2. Prepare to Strengthen their National Climate Commitments under the Paris Agreement by 2020
When the Paris Agreement was signed in 2015, nations agreed to boost the ambition of their national climate commitments ‒ known in U.N. circles as nationally determined contributions or NDCs ‒ every five years. Guterres is calling for all countries to ramp up national commitments in 2020, aligning these near-term goals with the aim of keeping temperature rise below 1.5 degrees C. At this summit, it is vital that presidents and prime ministers ‒ especially those from the largest emitters ‒ make clear they will put forward ambitious national climate targets next year. This will be a critical signal of whether the world will live up to the goals of the Paris Agreement.
In recent joint statements with France, India and China indicated that they will update their national commitments under Paris “in a manner representing a progression beyond the current one and reflecting their highest possible ambition,” and also committed to submitting long-term climate strategies next year. Leaders from these countries and from other major economies need to come to the summit prepared to announce they will step up their Paris commitments.
When these new national climate commitments are put on the table next year, they can include not only targets on reducing GHG emissions, but also policies on everything from accelerating the adoption of renewable energy, investing in electric vehicles, reducing food loss and waste, to protecting and restoring mangrove forests that sequester carbon and shelter coastal communities from storms.
3. Advance Other Initiatives and Funding That Will Help Make a Zero-emissions Future Possible
During the summit we expect that many cities, states and businesses will unveil new initiatives or bolster existing efforts to address the climate crisis. Some of these announcements could be game changers for climate action. Many of these initiatives will be undertaken together with national governments, and all should underpin setting stronger national climate commitments and reaching countries’ net-zero goals. Simultaneously, national climate action can send clear, stable signals to encourage even greater action and innovation by cities and the private sector.
For example, cities can save consumers hundreds of billions of dollars in energy costs by transitioning to net-zero buildings. Governments and companies can work together to set targets to increase the proportion of vehicles on the road that are emissions-free. Twenty-eight major companies have already pledged to meet the 1.5 degree C target; hopefully, many more will follow their lead at the summit.
The summit is also a major opportunity for leaders to show that the global economy is undergoing a fundamental shift from “brown” to “green” financing that will transform our industrial and transport systems and provide clean jobs. One critical step in that direction is to halt the funding and building of coal plants, which are the world’s greatest source of carbon pollution. New coal power is also increasingly more costly than renewables, and once the health costs of air pollution are included, coal looks like an even worse economic deal. Essential to success will be the careful management of the transition, to ensure they are just and leave no one behind.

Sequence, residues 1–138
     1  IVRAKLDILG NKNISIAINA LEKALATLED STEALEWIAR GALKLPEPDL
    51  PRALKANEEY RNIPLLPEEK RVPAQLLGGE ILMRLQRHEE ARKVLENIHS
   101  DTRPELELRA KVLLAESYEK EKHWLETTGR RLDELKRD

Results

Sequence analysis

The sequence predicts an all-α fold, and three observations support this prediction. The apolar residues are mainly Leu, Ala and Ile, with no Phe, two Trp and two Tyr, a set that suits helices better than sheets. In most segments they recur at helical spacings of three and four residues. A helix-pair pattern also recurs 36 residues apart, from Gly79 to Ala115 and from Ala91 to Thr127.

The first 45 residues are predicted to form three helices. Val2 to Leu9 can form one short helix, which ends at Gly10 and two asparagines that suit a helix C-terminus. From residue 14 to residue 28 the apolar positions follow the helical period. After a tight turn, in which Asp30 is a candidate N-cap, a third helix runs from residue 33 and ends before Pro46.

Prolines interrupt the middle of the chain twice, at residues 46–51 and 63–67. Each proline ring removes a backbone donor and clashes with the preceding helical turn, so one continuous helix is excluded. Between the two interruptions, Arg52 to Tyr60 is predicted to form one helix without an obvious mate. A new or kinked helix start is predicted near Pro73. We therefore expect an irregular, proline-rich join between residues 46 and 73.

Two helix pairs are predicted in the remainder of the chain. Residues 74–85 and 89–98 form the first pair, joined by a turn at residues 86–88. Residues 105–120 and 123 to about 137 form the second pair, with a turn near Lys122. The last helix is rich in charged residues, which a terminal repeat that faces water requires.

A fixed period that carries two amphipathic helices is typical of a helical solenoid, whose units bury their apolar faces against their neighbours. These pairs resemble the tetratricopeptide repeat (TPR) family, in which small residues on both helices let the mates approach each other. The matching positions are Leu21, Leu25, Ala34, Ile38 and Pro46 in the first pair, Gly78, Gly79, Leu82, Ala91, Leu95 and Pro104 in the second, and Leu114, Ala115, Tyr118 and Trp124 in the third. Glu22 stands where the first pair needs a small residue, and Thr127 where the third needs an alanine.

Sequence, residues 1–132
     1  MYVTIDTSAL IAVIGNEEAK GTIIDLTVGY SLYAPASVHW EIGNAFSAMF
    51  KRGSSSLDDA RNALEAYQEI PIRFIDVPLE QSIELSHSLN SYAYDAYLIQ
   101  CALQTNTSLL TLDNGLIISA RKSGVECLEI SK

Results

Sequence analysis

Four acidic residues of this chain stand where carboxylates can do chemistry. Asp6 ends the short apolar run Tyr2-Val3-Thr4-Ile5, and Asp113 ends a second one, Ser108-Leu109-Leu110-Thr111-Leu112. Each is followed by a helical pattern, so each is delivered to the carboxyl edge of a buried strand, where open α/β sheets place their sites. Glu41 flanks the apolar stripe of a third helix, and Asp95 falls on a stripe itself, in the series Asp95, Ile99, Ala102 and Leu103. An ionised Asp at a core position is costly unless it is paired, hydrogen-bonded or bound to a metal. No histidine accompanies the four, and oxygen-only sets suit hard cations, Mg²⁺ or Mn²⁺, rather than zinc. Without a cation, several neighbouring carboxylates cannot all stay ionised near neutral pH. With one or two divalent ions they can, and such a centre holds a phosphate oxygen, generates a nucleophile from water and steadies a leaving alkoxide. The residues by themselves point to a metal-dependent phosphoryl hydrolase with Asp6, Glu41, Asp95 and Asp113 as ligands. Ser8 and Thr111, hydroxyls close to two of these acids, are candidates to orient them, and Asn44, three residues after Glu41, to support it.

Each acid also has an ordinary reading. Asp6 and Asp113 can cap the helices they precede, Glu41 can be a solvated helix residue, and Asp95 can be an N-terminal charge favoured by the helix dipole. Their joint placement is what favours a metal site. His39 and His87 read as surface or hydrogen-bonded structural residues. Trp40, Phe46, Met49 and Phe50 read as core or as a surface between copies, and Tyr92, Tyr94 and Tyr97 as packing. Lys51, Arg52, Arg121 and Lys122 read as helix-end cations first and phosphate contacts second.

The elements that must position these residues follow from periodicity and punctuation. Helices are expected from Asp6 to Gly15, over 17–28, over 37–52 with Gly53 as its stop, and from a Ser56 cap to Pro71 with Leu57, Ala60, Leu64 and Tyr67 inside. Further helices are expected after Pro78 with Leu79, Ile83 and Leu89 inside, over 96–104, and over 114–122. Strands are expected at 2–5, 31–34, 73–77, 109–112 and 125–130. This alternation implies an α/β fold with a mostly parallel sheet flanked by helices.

And as always, ambitious pledges are not enough if there isn’t money to back them up. Developed countries must increase financial support for climate action in developing countries, which are often the most vulnerable to its effects. This must include significantly ramping up investments in climate resilience to protect communities from climate impacts such as drought, sea level rise and extreme heat. A recent report from the Global Commission on Adaptation finds that investing $1.8 trillion globally in climate resilience from 2020 to 2030 could generate $7.1 trillion in total net benefits.
A Livable Planet for All
On September 20 and 27, concerned citizens ‒ led by youth activists ‒ will flood the streets demanding that global leaders wake up to the reality that an incremental approach to climate action is nowhere near enough: To combat climate change we need system change.
Government leaders and the UN also have other urgent, important objectives on its radar, including reducing poverty and enabling sustainable development and halting the extinction crisis. However, there is a growing recognition that any one of these objectives cannot be achieved in a silo: without tackling climate change, all other goals at are risk of becoming out of reach, and vice versa. The UN Climate Action Summit and the SDG Summit that follows it are a unique opportunity to link these agendas and demonstrate how actions to cut emissions, decarbonize industries and adapt to increasingly severe impacts can help to build a better future that includes quality jobs, stronger economies, better health and food for all. This is the new growth story of the 21st century.
This blog was originally published on WRI’s Insights.
Helen Mountford is the Vice President for Climate and Economics at WRI.